Two Events with J. A. White, author of The Thickety: The Whispering Trees
Wednesday March 18, 4:00 pm at the Elm Grove Public Library, and 6:30 pm at Boswell Book Company
Please join us for two events with J. A. White, author of The Thickety: A Path Begins: 4:00 pm in the Community Room at Elm Grove Public Library (located in the basement at 13600 Juneau Blvd. in Elm Grove), and 6:30 pm at Boswell Book Company on Downer Avenue. At both events, J. A. White will discuss and sign copies of the next book in his critically acclaimed middle grade fantasy series perfect for ages 10 and up, The Thickety: The Whispering Trees, in which Kara and her little brother, Taff, are led deep into the Thickety by a strange guide and must decide if they are trudging toward freedom or bumbling down a dark and wicked path.
After Kara Westfall’s village turns on her for practicing witchcraft, she and her brother, Taff, flee to the one place they know they won’t be followed: the Thickety. Only this time the Forest Demon, Sordyr, is intent on keeping them there. Sordyr is not the Thickety’s only danger: unknown magic lurks behind every twist and shadow of the path. And then Kara and Taff discover Mary Kettle, an infamous witch with an unspeakable past—she is everything their village fears about magic. When Mary shows them the path leading out of the Thickety guarded by Imogen, a creature more monster than human, Kara is hesitant to trust her. But then she offers to help Kara learn to cast magic without a grimoire…and this could be Kara and Taff’s only chance to escape…or the first step down a dark and wicked path.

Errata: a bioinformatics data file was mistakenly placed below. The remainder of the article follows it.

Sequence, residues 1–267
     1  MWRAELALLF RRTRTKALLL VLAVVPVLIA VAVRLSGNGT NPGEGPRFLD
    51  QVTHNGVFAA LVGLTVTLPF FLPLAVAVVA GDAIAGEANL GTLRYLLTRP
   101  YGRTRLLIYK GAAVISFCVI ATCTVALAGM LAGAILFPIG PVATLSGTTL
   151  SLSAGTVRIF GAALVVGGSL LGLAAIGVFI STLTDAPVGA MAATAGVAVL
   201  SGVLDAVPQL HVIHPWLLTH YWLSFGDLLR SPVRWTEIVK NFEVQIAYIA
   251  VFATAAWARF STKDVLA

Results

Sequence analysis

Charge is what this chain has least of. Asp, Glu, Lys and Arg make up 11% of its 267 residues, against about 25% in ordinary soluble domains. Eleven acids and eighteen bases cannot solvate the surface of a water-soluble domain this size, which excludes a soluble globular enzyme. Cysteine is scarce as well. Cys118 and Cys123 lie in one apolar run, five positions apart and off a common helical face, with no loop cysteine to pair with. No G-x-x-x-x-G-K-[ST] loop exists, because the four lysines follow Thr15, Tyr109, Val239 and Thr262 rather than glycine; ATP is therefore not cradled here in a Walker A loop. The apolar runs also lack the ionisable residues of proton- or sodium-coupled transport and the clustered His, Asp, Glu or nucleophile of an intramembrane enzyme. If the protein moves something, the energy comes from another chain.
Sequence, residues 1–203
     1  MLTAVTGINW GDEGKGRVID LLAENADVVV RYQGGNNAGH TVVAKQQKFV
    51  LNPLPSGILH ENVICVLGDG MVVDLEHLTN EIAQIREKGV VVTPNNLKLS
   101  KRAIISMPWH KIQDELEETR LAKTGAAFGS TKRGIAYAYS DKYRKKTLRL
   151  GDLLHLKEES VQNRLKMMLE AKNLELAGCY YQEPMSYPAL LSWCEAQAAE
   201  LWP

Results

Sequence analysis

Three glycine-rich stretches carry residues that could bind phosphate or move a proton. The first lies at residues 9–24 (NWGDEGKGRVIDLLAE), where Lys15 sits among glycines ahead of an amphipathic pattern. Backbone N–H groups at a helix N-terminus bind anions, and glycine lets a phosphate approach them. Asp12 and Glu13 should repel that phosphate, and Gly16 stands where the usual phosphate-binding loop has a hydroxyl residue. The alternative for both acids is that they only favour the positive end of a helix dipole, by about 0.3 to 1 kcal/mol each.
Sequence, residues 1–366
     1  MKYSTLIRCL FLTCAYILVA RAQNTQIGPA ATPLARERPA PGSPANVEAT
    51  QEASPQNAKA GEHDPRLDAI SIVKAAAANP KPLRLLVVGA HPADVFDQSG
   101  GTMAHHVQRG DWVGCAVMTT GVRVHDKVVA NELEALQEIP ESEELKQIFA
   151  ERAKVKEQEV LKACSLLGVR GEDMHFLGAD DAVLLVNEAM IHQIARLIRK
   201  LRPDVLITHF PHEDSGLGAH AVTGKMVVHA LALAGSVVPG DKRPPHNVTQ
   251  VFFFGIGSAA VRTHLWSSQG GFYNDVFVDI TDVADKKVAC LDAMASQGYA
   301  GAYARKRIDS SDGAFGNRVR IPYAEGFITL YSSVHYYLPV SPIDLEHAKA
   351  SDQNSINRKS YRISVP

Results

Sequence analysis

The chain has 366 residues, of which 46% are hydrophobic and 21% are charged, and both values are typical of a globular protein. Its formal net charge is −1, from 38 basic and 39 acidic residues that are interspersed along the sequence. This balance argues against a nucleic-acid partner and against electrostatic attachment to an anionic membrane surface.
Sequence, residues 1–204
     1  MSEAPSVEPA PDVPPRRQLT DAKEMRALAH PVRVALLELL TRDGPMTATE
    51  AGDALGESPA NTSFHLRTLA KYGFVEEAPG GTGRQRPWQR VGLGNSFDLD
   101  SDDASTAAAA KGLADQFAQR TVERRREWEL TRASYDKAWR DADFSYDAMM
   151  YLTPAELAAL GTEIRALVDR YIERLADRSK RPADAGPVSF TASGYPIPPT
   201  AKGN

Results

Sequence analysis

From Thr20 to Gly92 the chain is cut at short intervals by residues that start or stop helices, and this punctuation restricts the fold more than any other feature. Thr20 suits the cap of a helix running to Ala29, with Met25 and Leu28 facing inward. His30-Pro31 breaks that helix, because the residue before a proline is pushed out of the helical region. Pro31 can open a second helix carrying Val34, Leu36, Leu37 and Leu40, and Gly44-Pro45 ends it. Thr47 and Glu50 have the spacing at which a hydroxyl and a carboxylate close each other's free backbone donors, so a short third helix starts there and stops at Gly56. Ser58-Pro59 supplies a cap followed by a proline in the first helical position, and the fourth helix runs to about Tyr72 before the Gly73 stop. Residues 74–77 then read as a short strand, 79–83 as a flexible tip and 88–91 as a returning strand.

About the Author: J. A. White is the author of The Thickety: A Path Begins, a writer for the book trailer production company Escape Goat, as well as an elementary school teacher. He lives in New Jersey with his wife and three sons.